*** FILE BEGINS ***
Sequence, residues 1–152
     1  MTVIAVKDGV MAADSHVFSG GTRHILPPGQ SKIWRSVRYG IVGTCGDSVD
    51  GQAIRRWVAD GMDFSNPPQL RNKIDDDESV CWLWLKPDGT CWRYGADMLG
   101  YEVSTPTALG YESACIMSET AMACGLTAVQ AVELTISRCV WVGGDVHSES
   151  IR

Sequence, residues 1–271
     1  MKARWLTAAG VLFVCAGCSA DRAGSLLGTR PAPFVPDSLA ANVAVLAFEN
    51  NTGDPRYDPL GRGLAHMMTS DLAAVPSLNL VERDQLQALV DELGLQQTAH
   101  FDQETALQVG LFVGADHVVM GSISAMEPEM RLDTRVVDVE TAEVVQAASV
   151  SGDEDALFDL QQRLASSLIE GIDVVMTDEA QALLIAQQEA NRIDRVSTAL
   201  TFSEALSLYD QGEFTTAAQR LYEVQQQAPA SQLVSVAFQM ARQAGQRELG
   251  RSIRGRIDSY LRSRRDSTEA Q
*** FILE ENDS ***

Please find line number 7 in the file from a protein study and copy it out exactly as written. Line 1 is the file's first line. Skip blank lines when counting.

     1  MKARWLTAAG VLFVCAGCSA DRAGSLLGTR PAPFVPDSLA ANVAVLAFEN